Raveena Aurora 19:13

Oh, for sure. For sure. I think that it’s very just very trippy when you can see that everyone else kind of has examples, but you don’t see yourself. And I think that why what I do becomes so healing for me, but also other people because they’re, they’re starting to see that reflected back at them. But I also think there’s so many other voices needed, and there are starting to be many other voices. But I think there’s even more needed. I think we’re just at the cusp of this cultural revolution for South Asian Diaspora people and I think so many more stories need to be there because there’s so many different types of South Asian people and so many different stories and so many different ways of immigration. Me and my lineage is just such a small drop in that. So I am excited for people to really be able to see themselves reflected in all these different ways and different personalities. I don’t know. It’s exciting.

Sangeeta Pillai 20:21

It is 100% agree with you, I feel like this is that moment where South Asian women are kind of really coming into their own, everywhere I see your work, whether it’s Mindy Kaling, whether it’s Mary Jacob, I’ve been interviewing kind of some more amazing South Asian American women for the series of the podcast. I cannot tell you how excited I get when I’m speaking to you. Because in all your voices, there’s the sense of imminent, you know, things are happening, things are exploding, we’re doing this, and we’re doing that and we’re in the White House. And we’re throwing the valley parties, and we’re doing all the stuff and it is so exciting. Even sitting across the pond watching what’s going on right now.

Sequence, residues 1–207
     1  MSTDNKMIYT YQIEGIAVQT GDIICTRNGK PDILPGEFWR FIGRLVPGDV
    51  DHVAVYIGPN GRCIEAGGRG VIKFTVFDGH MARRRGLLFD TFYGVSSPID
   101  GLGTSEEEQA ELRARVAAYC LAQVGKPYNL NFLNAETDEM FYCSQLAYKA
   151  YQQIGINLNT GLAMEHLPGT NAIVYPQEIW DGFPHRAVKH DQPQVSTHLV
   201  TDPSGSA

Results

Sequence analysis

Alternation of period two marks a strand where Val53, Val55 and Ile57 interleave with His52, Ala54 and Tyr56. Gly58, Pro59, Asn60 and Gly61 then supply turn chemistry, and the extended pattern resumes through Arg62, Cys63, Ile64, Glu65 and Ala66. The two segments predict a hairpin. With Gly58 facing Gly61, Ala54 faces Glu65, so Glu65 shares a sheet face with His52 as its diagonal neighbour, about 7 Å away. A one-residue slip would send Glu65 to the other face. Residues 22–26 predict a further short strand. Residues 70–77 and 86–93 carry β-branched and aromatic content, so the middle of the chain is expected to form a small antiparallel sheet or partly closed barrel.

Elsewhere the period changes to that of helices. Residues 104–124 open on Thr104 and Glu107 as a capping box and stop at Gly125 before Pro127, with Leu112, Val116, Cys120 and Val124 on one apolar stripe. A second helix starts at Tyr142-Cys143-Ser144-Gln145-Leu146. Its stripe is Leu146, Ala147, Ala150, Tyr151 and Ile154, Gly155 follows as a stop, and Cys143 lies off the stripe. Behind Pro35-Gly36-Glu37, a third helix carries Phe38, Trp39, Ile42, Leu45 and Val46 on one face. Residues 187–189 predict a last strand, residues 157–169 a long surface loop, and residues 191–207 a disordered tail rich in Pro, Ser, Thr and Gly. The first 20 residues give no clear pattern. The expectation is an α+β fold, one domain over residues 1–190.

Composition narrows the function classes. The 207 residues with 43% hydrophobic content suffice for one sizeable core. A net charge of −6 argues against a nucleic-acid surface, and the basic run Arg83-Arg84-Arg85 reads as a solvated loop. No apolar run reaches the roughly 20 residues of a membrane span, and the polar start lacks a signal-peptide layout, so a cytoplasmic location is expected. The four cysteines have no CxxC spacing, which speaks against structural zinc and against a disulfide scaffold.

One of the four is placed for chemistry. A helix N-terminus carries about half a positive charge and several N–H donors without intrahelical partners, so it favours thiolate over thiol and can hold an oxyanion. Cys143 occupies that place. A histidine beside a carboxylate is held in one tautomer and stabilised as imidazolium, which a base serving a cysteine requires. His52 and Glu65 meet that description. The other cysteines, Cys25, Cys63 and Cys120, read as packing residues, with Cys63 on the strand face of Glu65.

Raveena Aurora 21:09

And I feel the same thing is happening in the UK. I see it happening there as well. It’s just, I think that we’re probably one of the last major cultures to get our flowers and our space in western global media. But at the same time, I also think that the culture we have, the history we have is so dense, intricate, and beautiful. Even when I go back to India, I’m like, How can I even, I’m just barely scratching the surface of what I can even understand from this, this whole thing is so, I almost don’t even mind if it’s palatable to the west. Who cares about that at the end of the day, it’s our own thing. And if people want to join the party, they will but we’re gonna continue to make art and continue to create no matter what.

Sangeeta Pillai 22:12

 I love that.

Raveena Aurora 22:15

If people, if people want to hop on, they are welcome to.

Sangeeta Pillai 22:17